This photo, provided by Emery Celli Brinckerhoff & Abady, was submitted… (Senna Riahi / Emery Celli…)
A needle stored with a beer can appeared to contain an extremely tiny amount of Roger Clemens' DNA, which turned out to be good news and bad news for both sides in the perjury trial in Washington of the seven-time Cy Young Award winner.
A forensic scientist on Friday linked Clemens to cotton balls and a syringe needle saved from an alleged steroids injection 11 years ago. His testimony, laced with statistics and probabilities, was one of the last pieces of the government's case in its effort to prove that the pitcher lied to Congress in 2008 when he denied using performance-enhancing substances.
Under cross-examination, Clemens' lawyer tried to poke holes in the physical evidence. He got the expert to acknowledge there were "hundreds of thousands" of white males in the United States who could be a match for the scant amount of DNA found on the needle, and that it's "conceivable" the cotton balls could have been contaminated by beer and saliva.
The government's key witness, longtime Clemens strength coach Brian McNamee, says he injected Clemens with steroids in 1998, 2000 and 2001 and with human growth hormone in 2000. He said he kept the needle and other waste from a 2001 injection and stored it in and around a beer can in a FedEx box in his home for more than six years before turning it over to federal investigators.
Alan Keel of Forensic Science Associates told jurors that the DNA found on two cotton balls was "unique to one person who has ever lived on the planet" — Clemens. He said that one of the cotton balls had a random match possibility of one in 15.4 trillion for Clemens' DNA, and the other was one in 173 trillion, when compared to the population of white people in the U.S.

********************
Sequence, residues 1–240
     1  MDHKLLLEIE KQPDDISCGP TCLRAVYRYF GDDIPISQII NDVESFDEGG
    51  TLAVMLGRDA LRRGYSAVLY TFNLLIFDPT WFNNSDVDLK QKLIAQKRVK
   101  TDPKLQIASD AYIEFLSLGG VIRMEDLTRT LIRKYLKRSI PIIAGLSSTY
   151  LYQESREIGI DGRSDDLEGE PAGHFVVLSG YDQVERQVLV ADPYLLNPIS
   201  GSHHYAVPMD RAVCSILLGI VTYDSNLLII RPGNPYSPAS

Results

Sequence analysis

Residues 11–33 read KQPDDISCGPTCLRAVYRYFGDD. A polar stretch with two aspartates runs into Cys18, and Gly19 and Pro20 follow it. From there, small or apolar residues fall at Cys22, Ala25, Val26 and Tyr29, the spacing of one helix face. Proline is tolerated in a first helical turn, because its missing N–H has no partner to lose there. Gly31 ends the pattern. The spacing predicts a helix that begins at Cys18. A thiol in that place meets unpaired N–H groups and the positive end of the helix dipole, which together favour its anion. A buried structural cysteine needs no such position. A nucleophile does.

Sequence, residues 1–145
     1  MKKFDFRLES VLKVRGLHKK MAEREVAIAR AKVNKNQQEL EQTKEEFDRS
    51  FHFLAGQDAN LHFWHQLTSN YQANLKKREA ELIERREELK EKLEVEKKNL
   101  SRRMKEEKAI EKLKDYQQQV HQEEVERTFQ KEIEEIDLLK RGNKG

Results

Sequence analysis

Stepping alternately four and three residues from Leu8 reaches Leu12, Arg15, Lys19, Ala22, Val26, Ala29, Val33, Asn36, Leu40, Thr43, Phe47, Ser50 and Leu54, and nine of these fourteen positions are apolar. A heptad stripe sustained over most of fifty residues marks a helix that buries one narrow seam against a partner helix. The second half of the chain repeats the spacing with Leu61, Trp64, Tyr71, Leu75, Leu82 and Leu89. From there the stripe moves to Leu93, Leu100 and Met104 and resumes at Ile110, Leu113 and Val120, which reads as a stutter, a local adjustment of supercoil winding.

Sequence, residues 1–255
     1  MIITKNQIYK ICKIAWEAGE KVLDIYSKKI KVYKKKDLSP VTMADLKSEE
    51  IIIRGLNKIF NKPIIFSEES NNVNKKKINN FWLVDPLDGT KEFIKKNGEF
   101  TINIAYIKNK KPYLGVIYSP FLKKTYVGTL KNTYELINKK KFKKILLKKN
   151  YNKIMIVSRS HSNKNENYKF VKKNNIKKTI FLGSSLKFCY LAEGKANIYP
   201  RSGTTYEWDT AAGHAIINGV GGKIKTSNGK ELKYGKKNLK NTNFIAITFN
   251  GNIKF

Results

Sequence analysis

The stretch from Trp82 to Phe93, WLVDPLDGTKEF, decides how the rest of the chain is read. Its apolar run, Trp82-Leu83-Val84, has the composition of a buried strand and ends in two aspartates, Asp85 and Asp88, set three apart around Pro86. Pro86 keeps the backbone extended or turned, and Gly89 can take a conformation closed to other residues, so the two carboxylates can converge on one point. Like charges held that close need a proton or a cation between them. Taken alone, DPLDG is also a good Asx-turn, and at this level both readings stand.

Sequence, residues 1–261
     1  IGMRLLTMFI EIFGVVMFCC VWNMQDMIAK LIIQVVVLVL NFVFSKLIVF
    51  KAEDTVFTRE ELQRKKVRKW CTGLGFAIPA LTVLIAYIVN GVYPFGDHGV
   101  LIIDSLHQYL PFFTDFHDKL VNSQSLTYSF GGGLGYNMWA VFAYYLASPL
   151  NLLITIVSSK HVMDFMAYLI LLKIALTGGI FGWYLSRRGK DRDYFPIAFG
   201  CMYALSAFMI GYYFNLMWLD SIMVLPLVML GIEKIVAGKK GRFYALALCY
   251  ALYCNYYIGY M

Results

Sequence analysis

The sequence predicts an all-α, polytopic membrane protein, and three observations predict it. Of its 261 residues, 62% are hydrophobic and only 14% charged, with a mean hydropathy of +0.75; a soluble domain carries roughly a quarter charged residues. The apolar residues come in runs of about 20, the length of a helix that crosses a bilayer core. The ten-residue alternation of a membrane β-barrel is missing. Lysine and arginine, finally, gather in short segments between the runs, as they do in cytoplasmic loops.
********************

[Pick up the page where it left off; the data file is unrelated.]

But the needle was not as conclusive. Keel was able to detect only six to 12 cells for testing when he examined it. A drop of blood, by comparison, contains up to 30,000 cells.
During cross-examination, Clemens lawyer Michael Attanasio attacked the findings in several ways. He pointed out that Keel was being paid by the government. He pointed out that Keel didn't test all of the items available. He pointed out that the DNA had degraded over time. He noted that 449 was a "far, far smaller number" than the other numbers in the trillions, and it therefore can't be said with uncontested certainty that the DNA on the needle belongs to Clemens.
Clemens' lawyers have maintained all along that a beer can is no way to store evidence.
Dufner takes Colonial lead
Jason Dufner moved into position for his second straight victory and third in five weeks, shooting a six-under 64 to take a two-stroke lead in the Colonial at Fort Worth.
Dufner had an 11-under 129 total at Hogan's Alley. First-round leader Zach Johnson was second after a 67, and Bo Van Pelt and Tommy Gainey were third at seven under.
Hale Irwin shot his age with a five-under 66, finishing the second round of the Senior PGA Championship at Benton Harbor, Mich., two shots behind leaders Roger Chapman and John Cook.
England's James Morrison shot an eight-under 64 to take a four-stroke lead in the BMW PGA Championship at Virginia Water, England.
Alabama won its first women's golf title, holding off two-time champion USC by a stroke on the 72nd hole in the NCAA Division I championship at Franklin, Tenn.
Oklahoma's Chirapat Jao-Javanil won the individual title by four strokes.
The Crimson Tide gave Coach Mic Potter his first national title and first for a program in its seventh trip to the national tournament when senior Brooke Pancake rolled in a four-footer for par on No. 18. Alabama finished at six-over 294 in the fourth round for a 19-over 1,171 total.
USC trailed Alabama by 14 strokes after 36 holes and by two going into the final round. The national champion in 2003 and 2008, USC tied the Crimson Tide five times atop the leaderboard and led by five strokes before losing the lead on the back nine.
Former Los Angeles Times soccer writer Grahame L. Jones was named the seventh winner of the Colin Jose Media Award, presented by the National Soccer Hall of Fame. Jones, who started at the Times in 1971 and covered soccer for 38 years before retiring last fall, will be honored at the Hall of Fame induction ceremony in Landover, Md., next week.